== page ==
Oil City takes audiences into the underbelly of London’s oil economy, looking at UK finance for Canadian tar sands projects. By eavesdropping on business people and seeking out secret documents hidden in dead-drops, you will help piece together a puzzle that interweaves government files with financial deals
The order of the book is based on necessity, for instance it is important to know what to do to avoid arrest immediately after breaking into a building. And how to get access to drinking water, heat and cook food before dealing with issues of public space and establishing a communal economy
The Reposition Matrix is an investigation into the military-industrial production and trading networks of Unmanned Aerial Vehicles (also commonly referred to as Drones). The workshop aims to reterritorialise the drone as a physical, industrially-produced technology of war, and consequently explore how this affects our understanding of the covert drone campaigns in the Middle East
La Cosa Radiactiva is a “research on transparency and nuclear secrets. A performance to demystify radiation while building awareness of its risks. An imagination exercise to reflect on how it would be like to live with radiation and above all this, a call about the importance of citizens having their own tools to be able to verify public health data provided by governmental authorities.”
Under the Shadow of the Drone is a life-size depiction of a Reaper drone, one of a number of such weapons in service with US and UK forces. The Reaper is used for surveillance and bombing missions, in the declared war zones of Afghanistan and Iraq, and in the illegal wars of assassination taking place in Pakistan, Yemen and elsewhere. Such wars are made possible by the invisibility of drones to most people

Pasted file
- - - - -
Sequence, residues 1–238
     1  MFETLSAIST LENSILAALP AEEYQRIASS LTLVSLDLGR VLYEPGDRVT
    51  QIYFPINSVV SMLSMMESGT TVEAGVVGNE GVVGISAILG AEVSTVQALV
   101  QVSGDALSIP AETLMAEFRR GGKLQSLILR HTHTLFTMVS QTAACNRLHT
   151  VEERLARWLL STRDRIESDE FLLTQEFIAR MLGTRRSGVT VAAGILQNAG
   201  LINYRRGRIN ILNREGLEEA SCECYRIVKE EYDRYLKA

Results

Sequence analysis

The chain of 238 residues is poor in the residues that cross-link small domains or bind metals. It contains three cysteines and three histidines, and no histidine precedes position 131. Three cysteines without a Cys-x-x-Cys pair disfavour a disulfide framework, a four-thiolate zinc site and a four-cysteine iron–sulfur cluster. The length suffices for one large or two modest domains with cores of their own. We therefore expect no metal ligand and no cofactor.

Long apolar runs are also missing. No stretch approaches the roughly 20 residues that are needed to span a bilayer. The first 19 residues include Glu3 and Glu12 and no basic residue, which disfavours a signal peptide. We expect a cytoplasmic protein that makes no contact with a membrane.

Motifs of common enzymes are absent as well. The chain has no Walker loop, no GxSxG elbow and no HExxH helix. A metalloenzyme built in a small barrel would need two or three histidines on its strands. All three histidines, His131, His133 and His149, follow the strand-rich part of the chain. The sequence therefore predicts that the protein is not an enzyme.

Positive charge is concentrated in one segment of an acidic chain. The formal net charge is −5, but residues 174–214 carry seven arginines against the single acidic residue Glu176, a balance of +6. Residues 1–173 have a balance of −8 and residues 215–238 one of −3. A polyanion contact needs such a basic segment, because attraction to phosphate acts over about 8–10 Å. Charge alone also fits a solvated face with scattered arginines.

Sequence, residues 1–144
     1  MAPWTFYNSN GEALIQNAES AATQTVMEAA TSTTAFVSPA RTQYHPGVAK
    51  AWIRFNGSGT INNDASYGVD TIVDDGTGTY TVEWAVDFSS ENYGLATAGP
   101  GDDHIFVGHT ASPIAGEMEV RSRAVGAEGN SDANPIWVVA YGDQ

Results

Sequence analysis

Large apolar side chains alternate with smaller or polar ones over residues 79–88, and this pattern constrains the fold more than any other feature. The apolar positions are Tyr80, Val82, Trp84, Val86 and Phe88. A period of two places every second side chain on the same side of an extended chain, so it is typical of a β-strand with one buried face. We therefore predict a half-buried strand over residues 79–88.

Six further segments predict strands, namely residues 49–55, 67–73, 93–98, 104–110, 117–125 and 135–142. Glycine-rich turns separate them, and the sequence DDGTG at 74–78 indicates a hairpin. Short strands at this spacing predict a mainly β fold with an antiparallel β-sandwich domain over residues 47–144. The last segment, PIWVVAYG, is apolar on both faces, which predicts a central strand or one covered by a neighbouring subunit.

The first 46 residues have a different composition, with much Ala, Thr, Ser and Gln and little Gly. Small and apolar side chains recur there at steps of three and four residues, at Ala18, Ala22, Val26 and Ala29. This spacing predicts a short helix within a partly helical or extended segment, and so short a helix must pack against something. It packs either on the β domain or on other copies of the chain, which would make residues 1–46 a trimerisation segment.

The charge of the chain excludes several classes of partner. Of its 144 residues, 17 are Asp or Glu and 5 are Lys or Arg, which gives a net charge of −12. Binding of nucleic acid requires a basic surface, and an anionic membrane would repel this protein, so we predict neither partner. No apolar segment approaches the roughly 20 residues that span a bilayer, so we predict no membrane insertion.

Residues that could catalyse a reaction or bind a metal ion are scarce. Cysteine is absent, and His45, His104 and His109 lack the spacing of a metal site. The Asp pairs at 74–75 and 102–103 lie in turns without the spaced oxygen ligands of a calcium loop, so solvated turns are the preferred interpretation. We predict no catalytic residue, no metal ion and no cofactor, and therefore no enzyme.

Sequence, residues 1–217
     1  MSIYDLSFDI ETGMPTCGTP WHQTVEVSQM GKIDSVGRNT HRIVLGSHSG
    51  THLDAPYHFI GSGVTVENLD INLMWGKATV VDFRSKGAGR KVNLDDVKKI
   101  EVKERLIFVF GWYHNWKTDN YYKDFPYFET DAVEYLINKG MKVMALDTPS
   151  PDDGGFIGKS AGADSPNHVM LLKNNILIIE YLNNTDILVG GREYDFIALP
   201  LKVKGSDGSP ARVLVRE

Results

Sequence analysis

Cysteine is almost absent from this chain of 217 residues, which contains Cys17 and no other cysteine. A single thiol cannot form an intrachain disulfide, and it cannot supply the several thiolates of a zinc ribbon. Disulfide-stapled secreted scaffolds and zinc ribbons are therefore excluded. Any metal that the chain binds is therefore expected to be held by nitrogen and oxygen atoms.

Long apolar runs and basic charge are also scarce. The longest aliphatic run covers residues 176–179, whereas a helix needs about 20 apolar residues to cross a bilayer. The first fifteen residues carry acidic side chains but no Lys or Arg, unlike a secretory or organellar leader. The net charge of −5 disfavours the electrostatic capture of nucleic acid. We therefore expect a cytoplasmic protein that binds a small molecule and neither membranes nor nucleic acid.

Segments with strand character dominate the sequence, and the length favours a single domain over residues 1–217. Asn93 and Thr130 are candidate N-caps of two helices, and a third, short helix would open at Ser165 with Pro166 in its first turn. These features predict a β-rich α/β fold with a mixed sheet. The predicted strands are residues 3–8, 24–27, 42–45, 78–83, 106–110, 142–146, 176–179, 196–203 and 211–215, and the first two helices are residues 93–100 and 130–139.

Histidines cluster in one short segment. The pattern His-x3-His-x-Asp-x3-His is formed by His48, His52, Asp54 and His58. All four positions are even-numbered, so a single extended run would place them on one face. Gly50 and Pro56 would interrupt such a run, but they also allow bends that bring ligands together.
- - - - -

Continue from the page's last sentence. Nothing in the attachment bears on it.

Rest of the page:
In the context of omnipresent telecommunications surveillance, “The Pirate Cinema” makes visible the invisible activity and geography of peer-to-peer file sharing. The project is presented as a control room that reflects P2P exchanges happening in real time on networks using BitTorrent protocol. The installation produces an improvised and syncopated arrangement of files currently in exchange
KLE – Kit de Libertad de Expresión (or Freedom of Speech Kit) is a portable digital device that allows people from all over the world to participate to remote protests by sending and displaying text messages in public space. The interactive banner is (unsurprisingly) inspired by the record number of social protests that took place in Spain in 2011. It is estimated that over 23.000 demonstrations have been organised that year around the country
Cultural Hijack explores the role of art and the artist in contemporary society and offers the opportunity to rethink the growing field of intervention in relation to cultural activism and social change
Today is the last day to witness the week-long performance from Liberate Tate at the Tate Modern gallery. Filming devices strapped on to their bodies, performers are reading aloud sections of the transcripts of the trial which started in February in New Orleans and sees BP stand accused of gross negligence over the Deepwater Horizon disaster, the largest accidental marine oil spill in the history of the petroleum industry
From enhanced-CCTV surveillance to bench handles, various tracking and prevention systems are employed in controlling the users of public space. These systems are often neatly designed and seamlessly integrated in the existing architecture, acting in a persuasive way on its users. While preventing unwanted interactions between the authorities and citizens, these systems leave no space for discussion or disobedience